Angie's List: How to use federal tax credits for home improvement projects

If you were thinking about replacing those drafty windows or a leaky water heater, you may want to do it by the end of the month. Because once the new year rolls around, several federal tax credits will come to an end.

Those tax credits could mean hundreds of dollars in savings on home improvement projects you've been putting off, but time is of the essence.

Making your home more energy efficient is something Uncle Sam will pay you to do, but his checkbook is only open a few more weeks.

"Time is running out to take advantage of federal tax credits. A lot of credits expire at the end of this year. The credits relate to home efficiency opportunities, so making those improvements now before the end of the year is going to be important," says Angie Hicks, founder of Angie's List.

And you're not alone if you've been thinking about doing something about that old furnace or drafty front door.

Hicks explains how many other people have taken advantage of the tax breaks, "We're hearing consumers are taking advantage of the tax credits by installing new windows and installing new doors, insulation, even heating and cooling. In a recent Angie's List poll 40 percent of the respondents had taken advantage of these credits."

Tax credits are also available for a new roof, water heater, even a biomass stove, but don't assume every home improvement mean a tax credit.

"Consumers need to be in the driver's seat when they are shopping because not every product is going to qualify for the tax credit. Don't rely solely on the company doing the installation - also check with your tax consultant," says Hicks.

Here's how the tax credit works: the tax credit is 10-percent of the total cost of qualifying energy-efficient home improvement up to $500. Or a specific amount from $50-$300.

A more energy-efficient model may cost more up front than a less efficient model. But you can recoup 10-percent of the cost through this tax credit, as well as the long term savings you'll see in your energy bills.

Money Saving Tax Credits
A more energy-efficient model may cost more up front than a less efficient model, but you can recoup 10 percent of the cost through this tax credit, as well as the long term savings you'll see in your energy bills.

1. HVAC Systems : Heating and cooling account for more than half the energy used in a typical home. If your heating or cooling unit is more than 10 years old, and you have had substantial repair costs, it may be a good time to think about replacing.
2. Insulation: A home should we well-insulated, from the roof to its foundation. If not, it could easily lose nearly half of its heating and cooling energy. How to tell if you need insulation? Look in your attic for exposed 2-by-4's. For the walls, find a spot, preferably in the closet where it's not seen, and make a small puncture hole with a wire. You should feel resistance and insulation. It's a good idea to have an energy audit done to determine areas in need of insulation.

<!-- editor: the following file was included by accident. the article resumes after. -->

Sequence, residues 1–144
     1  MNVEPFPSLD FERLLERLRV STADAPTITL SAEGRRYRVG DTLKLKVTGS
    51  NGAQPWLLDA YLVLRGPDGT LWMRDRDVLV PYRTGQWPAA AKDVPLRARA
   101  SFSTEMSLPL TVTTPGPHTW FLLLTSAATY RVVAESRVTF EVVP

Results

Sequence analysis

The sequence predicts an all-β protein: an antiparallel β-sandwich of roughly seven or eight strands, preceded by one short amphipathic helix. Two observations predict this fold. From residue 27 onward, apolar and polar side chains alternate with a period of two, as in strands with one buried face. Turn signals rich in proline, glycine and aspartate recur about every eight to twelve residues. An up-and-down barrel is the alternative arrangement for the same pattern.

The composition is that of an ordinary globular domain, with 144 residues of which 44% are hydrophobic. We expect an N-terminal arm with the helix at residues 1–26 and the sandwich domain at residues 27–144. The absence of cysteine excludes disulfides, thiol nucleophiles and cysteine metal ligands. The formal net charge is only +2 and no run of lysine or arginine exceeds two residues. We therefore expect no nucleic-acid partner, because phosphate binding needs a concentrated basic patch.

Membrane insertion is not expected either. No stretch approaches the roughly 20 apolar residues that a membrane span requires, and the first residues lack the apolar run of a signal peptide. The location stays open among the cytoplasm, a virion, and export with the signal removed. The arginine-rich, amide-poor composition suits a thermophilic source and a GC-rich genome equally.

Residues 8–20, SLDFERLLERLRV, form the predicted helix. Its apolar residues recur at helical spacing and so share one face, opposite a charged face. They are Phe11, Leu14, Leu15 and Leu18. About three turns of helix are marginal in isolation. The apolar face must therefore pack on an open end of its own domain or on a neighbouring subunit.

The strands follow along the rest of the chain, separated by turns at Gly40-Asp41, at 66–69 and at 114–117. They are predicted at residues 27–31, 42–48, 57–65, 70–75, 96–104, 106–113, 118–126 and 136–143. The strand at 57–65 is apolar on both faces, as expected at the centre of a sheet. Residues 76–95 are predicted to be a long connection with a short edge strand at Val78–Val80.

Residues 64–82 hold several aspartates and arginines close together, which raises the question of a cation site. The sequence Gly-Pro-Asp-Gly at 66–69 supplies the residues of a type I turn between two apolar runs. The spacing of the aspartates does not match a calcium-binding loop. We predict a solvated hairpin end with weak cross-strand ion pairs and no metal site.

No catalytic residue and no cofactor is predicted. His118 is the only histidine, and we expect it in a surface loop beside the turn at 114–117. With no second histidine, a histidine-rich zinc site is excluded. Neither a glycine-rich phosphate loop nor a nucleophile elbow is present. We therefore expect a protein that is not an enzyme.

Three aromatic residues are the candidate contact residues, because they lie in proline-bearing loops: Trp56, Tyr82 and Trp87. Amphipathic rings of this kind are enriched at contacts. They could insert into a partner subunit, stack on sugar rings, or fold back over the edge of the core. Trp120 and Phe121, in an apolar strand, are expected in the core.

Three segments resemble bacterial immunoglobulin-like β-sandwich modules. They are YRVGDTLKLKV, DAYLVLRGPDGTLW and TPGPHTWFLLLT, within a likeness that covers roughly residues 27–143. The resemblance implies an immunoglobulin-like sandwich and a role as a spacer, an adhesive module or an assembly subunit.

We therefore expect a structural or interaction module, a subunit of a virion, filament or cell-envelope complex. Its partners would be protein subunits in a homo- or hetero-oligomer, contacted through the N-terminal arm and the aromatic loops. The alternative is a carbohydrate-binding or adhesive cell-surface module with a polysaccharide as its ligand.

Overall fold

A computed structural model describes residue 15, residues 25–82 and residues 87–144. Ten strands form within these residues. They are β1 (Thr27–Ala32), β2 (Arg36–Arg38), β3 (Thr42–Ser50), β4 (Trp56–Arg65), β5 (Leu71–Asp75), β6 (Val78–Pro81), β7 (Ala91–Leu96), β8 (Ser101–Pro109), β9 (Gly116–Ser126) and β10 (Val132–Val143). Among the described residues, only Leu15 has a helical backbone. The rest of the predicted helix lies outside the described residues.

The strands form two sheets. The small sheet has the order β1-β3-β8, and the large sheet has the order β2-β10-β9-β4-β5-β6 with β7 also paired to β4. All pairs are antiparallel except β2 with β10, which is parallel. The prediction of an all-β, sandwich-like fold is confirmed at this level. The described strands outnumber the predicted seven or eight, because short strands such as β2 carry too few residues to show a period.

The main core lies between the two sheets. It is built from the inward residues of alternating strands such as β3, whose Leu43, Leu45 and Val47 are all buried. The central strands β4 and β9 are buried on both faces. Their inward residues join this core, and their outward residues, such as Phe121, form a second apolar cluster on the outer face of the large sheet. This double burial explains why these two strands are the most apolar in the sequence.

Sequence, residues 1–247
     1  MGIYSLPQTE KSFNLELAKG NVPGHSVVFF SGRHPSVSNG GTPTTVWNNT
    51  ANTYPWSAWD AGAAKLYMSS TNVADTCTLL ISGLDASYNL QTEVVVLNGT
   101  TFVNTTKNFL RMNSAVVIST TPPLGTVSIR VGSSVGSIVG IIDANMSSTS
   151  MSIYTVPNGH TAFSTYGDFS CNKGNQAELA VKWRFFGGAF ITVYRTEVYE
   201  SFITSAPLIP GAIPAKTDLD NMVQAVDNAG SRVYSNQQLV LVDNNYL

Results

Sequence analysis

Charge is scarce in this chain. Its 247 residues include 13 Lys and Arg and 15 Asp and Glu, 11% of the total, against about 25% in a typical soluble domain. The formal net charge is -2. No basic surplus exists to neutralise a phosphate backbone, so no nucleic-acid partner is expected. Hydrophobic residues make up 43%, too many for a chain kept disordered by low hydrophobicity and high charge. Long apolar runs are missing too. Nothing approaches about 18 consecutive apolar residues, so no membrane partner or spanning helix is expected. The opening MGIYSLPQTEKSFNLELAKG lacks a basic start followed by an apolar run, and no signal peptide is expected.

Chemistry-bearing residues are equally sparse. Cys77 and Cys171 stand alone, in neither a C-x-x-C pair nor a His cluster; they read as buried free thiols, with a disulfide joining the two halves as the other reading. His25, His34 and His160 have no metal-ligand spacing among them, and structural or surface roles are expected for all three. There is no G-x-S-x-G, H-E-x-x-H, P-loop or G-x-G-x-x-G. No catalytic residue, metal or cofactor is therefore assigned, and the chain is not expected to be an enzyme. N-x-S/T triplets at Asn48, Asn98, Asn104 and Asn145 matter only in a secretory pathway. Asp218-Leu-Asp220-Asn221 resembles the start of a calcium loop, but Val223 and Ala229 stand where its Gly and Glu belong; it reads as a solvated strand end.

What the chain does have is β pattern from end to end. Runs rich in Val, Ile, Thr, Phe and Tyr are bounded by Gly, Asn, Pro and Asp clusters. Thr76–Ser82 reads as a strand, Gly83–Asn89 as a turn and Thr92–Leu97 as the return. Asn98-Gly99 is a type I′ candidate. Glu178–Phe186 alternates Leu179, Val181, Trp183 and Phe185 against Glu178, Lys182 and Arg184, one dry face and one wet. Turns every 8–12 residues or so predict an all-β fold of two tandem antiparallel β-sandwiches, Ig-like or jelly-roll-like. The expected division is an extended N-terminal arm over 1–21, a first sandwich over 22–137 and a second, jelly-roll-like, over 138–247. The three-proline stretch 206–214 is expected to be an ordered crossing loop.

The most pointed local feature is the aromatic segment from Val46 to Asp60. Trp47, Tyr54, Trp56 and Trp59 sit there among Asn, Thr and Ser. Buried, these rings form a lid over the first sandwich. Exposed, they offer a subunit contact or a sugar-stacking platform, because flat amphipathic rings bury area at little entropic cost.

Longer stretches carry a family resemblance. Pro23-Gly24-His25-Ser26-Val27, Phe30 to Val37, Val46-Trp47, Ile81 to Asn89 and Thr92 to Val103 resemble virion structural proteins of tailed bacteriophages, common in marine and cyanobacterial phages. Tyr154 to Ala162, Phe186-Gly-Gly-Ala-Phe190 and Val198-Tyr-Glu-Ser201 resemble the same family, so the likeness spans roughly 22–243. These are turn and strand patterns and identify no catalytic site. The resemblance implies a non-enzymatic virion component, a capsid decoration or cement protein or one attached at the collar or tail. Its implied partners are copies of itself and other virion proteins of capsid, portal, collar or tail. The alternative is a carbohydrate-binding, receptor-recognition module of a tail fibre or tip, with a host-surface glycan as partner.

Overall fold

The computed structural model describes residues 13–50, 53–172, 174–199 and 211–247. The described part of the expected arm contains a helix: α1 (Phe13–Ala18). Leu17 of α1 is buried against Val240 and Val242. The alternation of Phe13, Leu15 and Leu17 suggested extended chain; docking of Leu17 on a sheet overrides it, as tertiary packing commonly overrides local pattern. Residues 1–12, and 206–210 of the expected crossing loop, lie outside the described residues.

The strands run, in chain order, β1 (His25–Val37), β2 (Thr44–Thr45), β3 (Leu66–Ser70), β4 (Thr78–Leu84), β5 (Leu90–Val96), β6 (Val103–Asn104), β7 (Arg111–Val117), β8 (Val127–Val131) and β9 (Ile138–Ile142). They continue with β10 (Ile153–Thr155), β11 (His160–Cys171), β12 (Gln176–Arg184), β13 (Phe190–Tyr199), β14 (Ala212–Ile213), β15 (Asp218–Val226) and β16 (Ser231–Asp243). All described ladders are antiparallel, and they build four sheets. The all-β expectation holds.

3. Water Heaters: Water heating can account for up to a quarter of the energy consumed in your home. Maintained properly, water heaters will last for years and deliver gallon after gallon of hot water. But if your water heater is more than ten years old, it's probably operating at less than 50 percent of its efficiency.
4. Roofing: Industry experts say qualified roof products reflect more of the sun's rays; lowering the roof surface temperature by up to 100F, thus decreasing the amount of heat transferred you're your home. Curling, crackling and blistering of the shingles and/or a leaky roof are indicators that you need a new roof.
5. Windows: By replacing your windows you can expect a return on your investment of at least 80 percent. If you notice condensation and drafts on and around your windows, or rotting or warping frames, you might be in need of an upgrade.
6. Doors: The front door is a great way to increase curb appeal, and today's styles are more energy efficient. If your door is 15 years or older, splitting, or cracking - then it's likely time to replace.
7. Biomass Stoves: Biomass stoves burn renewable sources to heat a home or heat water. The stoves burn pellets made from wood, corn, straw and other agricultural resources. Many new stoves come with EPA-approved standards that burn off most of the polluting gases and increase your stove's efficiency by as much as 10 percent.

Angie's List Buying Tips:
It pays to do your research: It's important for homeowners to research the credits for home improvement products before buying. Each item has its own requirements in order to qualify. For example, the tax credit for insulation does not include installation costs. Don't rely solely on the company doing the installation• also check with your tax consultant. A great place to start your homework online is through Energy Star .
• Save for tax time: Homeowners need to save receipts and the signed statement from the manufacturer certifying the product qualifies for the tax credit with your records for tax time.

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